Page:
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FROM THIS EPISODE

With agreement that Syria's civil war needs a diplomatic solution, 17 nations met for seven hours last week to discuss an agenda. But Syria's Assad regime and rebel forces weren't there — and the fighting continues. Is a diplomatic solution for Syria possible?

Also on the program, the Supreme Court looks at alleged racial bias and jury selection. 

Photo: Officials from 17 nations as well as the EU and UN meet in Vienna in the hopes of finding a political solution to Syria's four-year-old civil war, Octobe r30 2015. (US State Department)

Producers:
Christine Detz
Katie Cooper
Sarah Sweeney

Big Questions after Russian Jet Breaks Up Mid-Flight 6 MIN, 30 SEC

When a Russian passenger plane broke apart Saturday over the Sinai Peninsula, all 224 of those aboard died in the crash. The airline company has ruled out both technical malfunction and human error, but that conclusion could be premature. James Clapper, America’s Director of National Intelligence, said today that although there is as yet "no direct evidence," a terrorist attack cannot be ruled out. We hear more from former pilot Arthur Rosenberg, who is now an aviation attorney.

Guests:
Arthur Rosenberg, Soberman & Rosenberg (@AIRLAW2001)

Peace Talks and Warfare in Syria 34 MIN, 40 SEC

In four and a half years, Syria's civil war has killed 250,000 people and displaced 12 million -- half the nation's entire population. Supporters of both sides agree there cannot be a military solution, but the fighting continues, now to include about 50 American Special Forces. The US and Russia joined 15 other nations last week -- including archrivals Iran and Saudi Arabia — to discuss a diplomatic solution. The al-Assad regime was not represented. The closed-door meeting produced nine points of agreement as well as plans to meet again soon, but international rivalries already threaten to derail any progress.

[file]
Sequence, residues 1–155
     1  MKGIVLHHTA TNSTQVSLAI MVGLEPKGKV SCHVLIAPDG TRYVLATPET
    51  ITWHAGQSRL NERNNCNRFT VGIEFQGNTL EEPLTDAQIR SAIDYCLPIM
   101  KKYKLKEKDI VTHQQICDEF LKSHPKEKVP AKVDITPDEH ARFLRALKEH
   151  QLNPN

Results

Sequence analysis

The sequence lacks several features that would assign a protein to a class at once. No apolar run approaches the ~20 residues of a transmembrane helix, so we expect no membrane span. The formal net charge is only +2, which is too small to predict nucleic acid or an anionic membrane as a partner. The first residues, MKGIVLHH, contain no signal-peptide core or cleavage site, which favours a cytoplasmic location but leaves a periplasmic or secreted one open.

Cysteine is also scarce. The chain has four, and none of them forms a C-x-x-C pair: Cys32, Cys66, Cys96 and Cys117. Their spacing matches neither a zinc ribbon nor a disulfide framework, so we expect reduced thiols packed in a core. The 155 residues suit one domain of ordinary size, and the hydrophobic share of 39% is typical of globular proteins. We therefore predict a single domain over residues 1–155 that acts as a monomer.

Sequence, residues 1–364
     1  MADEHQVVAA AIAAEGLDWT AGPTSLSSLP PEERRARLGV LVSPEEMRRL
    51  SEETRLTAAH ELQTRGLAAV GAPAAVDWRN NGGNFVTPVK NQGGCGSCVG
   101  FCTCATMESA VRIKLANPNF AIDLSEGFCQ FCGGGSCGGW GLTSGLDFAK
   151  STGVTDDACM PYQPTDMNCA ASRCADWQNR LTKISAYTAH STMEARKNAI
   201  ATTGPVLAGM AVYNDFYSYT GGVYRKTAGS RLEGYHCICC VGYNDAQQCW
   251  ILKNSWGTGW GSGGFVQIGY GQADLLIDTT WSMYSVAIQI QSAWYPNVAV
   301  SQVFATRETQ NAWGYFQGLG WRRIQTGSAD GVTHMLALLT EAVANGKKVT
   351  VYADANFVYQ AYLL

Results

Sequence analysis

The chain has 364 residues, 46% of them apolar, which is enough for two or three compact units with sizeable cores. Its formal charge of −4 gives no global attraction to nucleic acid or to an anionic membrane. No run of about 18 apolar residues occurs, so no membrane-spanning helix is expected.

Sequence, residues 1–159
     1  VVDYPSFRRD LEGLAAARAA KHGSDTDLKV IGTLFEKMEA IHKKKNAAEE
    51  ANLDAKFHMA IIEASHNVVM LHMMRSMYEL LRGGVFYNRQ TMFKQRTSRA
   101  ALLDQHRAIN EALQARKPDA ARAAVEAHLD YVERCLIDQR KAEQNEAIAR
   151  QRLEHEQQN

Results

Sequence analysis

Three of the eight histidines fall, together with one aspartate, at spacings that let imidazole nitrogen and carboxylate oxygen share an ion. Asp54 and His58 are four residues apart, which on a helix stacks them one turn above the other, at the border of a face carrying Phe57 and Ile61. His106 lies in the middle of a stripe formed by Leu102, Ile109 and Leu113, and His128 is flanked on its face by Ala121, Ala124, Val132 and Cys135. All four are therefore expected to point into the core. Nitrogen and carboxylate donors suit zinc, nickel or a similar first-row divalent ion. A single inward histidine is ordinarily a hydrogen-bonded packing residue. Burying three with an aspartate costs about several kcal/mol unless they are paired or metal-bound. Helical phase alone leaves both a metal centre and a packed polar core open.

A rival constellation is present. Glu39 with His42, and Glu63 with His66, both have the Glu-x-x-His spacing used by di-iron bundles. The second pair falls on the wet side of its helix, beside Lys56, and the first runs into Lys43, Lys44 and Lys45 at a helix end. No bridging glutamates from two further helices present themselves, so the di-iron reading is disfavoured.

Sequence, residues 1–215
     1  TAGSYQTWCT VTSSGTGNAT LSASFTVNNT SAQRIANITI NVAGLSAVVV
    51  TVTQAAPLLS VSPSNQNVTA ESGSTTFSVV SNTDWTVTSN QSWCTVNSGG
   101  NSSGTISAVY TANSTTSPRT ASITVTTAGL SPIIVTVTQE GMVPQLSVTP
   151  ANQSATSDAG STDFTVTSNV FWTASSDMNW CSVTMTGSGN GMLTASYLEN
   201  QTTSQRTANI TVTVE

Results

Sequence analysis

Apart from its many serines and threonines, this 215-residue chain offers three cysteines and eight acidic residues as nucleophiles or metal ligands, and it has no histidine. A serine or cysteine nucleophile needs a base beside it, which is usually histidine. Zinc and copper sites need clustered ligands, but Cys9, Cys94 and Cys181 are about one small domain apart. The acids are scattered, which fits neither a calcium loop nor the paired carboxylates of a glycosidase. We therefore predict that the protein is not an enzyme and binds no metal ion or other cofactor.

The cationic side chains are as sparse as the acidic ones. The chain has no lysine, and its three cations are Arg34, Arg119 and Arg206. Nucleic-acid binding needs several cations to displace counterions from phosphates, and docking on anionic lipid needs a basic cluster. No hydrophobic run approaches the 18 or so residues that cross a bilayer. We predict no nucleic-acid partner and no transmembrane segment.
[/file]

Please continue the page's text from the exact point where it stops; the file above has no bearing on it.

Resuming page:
Guests:
Laura Rozen, Al-Monitor (@lrozen)
Seth Jones, RAND Corporation (@SethGJones)
Robin Wright, US Institute of Peace / Woodrow Wilson Center (@wrightr)
Daniel Serwer, Johns Hopkins University (@DanielSerwer)

More:
Rozen on accomplishments of Syria talks
Wright on the extent of Iran's intervention in Syria
Wright on whether Iran will cooperate on Syria
Serwer on a little-know Russian proposal for Syria

SCOTUS Considers Race and Jury Selection 8 MIN, 47 SEC

Racial bias in America's criminal justice system is an old story, one that's on the docket today at the US Supreme Court. In 1987, 19-year-old Timothy Tyrone Foster was sentenced to death by an all-white jury for the brutal murder of a 79-year old white woman in Rome, Georgia. Today, his appeal reached the US Supreme Court. Foster's lawyers examined notes made by the prosecutors during jury selection when Foster was on trial, and claim the notes prove racial bias. Maurice Chammah, who covers crime and punishment for the Marshall Project, a nonprofit news organization focusing on the criminal justice system, discusses whether courtroom prejudice can be proved.


Photo: Ammodramus

Guests:
Maurice Chammah, Marshall Project (@MauriceChammah)

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